My takeover of the STEM squad account


It’s been an absolute pleasure to take over @thestemsquad account and be surrounded by people who talk about ideas with the aim of making things better.
How we encourage more women in STEM is the first question I asked. Do women need more visibility?
Yes and no. Actually, women do apply for STEM disciplines at university. The problem is that they get lost along the way. A recent report showed that, in chemistry, the percentage of female undergrads is 44%. The number drops to 35% for graduate students and only 9% of professors are female.

So the real question here is how we make sure that women don’t leave, because sounds like they do have an interest in science. Recently, the Irish government decided to give grants for female-only professorships! Not sure that this is a solution either. Gender equality doesn’t only mean matching up numbers. .In my opinion training on unconscious bias and more mentorship scheme for female scientists would be definitely a good starting point. What’s your opinion and what the university should do to support women in science? To follow the whole conversation click here.
If interested in the topic, I posted a few articles which led to interesting conversations, such as landline to tackle academic bullying, the struggle of being the only female student in the lab.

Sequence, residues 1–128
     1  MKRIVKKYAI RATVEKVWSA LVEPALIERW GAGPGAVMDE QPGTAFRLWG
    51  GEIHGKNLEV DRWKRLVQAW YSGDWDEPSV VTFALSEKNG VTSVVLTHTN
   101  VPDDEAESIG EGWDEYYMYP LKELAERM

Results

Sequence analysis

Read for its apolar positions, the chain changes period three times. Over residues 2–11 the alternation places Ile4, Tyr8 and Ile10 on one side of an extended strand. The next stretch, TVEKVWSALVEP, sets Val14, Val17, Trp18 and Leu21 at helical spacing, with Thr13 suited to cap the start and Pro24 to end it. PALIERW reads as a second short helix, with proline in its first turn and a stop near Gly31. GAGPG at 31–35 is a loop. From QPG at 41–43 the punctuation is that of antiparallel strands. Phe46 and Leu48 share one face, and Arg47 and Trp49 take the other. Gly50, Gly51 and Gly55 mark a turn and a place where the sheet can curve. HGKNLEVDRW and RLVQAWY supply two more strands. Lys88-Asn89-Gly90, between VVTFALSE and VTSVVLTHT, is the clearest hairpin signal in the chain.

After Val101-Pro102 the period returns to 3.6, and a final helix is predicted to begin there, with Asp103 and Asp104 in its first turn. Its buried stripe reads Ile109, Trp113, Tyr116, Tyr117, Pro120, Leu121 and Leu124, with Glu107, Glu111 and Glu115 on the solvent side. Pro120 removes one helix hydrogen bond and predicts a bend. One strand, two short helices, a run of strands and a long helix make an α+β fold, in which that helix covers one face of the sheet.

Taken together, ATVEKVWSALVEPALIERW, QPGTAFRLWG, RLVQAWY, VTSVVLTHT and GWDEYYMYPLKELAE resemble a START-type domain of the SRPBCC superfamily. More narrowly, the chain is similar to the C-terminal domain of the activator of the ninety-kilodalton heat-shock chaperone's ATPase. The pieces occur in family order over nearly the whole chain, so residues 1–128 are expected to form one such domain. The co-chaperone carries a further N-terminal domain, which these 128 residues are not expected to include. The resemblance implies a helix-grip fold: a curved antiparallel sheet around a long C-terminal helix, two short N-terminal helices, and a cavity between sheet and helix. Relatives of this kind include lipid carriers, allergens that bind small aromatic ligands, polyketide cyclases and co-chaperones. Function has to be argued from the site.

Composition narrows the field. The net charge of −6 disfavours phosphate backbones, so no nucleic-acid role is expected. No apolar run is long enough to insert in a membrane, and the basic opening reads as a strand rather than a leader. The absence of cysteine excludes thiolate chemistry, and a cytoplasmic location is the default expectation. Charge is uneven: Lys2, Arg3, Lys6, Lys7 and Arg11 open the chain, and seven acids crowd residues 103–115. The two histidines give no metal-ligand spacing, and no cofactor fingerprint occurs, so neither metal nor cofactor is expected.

I am a PhD researcher at the Centre for Doctorial Training in Sustainable Chemistry. The first semester of my PhD was a master in green chemistry. It was back then that I started being more conscious about the environment. One of the biggest myth about sustainability is that someone else will solve the problem. The action of the individual is definitely the biggest contribution and changing habits is key. Switching to better eco-friendly choices is time-consuming and expensive. However, you can follow, the tips of my friend Laura who runs a blog and an Instagram page totally dedicated to getting waste-free. This does not mean that legislation doesn’t have to contribute. It pains me that some politicians aren’t on board to take action to support the environment and blame someone else for the problem. The action of the individual is important but without charg


e in legislation, we won’t have a high impact. It also pains me to hear that climate scientists have an agenda. Although at the start of the problem of global warming some data were fabricated, 99.9% of the scientists work ethically. Finally, what’s the challenge of implementing sustainability on a daily basis and on large scale. The cost of new technology which is nowhere competitive to the cost of the traditional and well-established ones. There’s a long way to go but, in my opinion, we need to work together either by changing legislation but a radical change in one’s habits has to follow too.


Success is a personal achievement. It’s a mindset of setting and achieving goals. When you want something, you do whatever it takes to achieve your goals. Two features are key to success: 1. believe in yourself and 2. never give up